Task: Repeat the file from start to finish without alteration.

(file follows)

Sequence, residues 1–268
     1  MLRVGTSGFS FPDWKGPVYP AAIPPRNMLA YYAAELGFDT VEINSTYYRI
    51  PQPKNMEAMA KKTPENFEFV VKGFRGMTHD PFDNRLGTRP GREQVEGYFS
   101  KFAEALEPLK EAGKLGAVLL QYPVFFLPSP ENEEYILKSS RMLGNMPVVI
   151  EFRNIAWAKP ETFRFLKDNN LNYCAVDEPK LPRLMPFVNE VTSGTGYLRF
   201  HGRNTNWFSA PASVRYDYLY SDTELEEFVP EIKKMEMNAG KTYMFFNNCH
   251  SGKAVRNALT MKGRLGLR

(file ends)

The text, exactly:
Sequence, residues 1–268
     1  MLRVGTSGFS FPDWKGPVYP AAIPPRNMLA YYAAELGFDT VEINSTYYRI
    51  PQPKNMEAMA KKTPENFEFV VKGFRGMTHD PFDNRLGTRP GREQVEGYFS
   101  KFAEALEPLK EAGKLGAVLL QYPVFFLPSP ENEEYILKSS RMLGNMPVVI
   151  EFRNIAWAKP ETFRFLKDNN LNYCAVDEPK LPRLMPFVNE VTSGTGYLRF
   201  HGRNTNWFSA PASVRYDYLY SDTELEEFVP EIKKMEMNAG KTYMFFNNCH
   251  SGKAVRNALT MKGRLGLR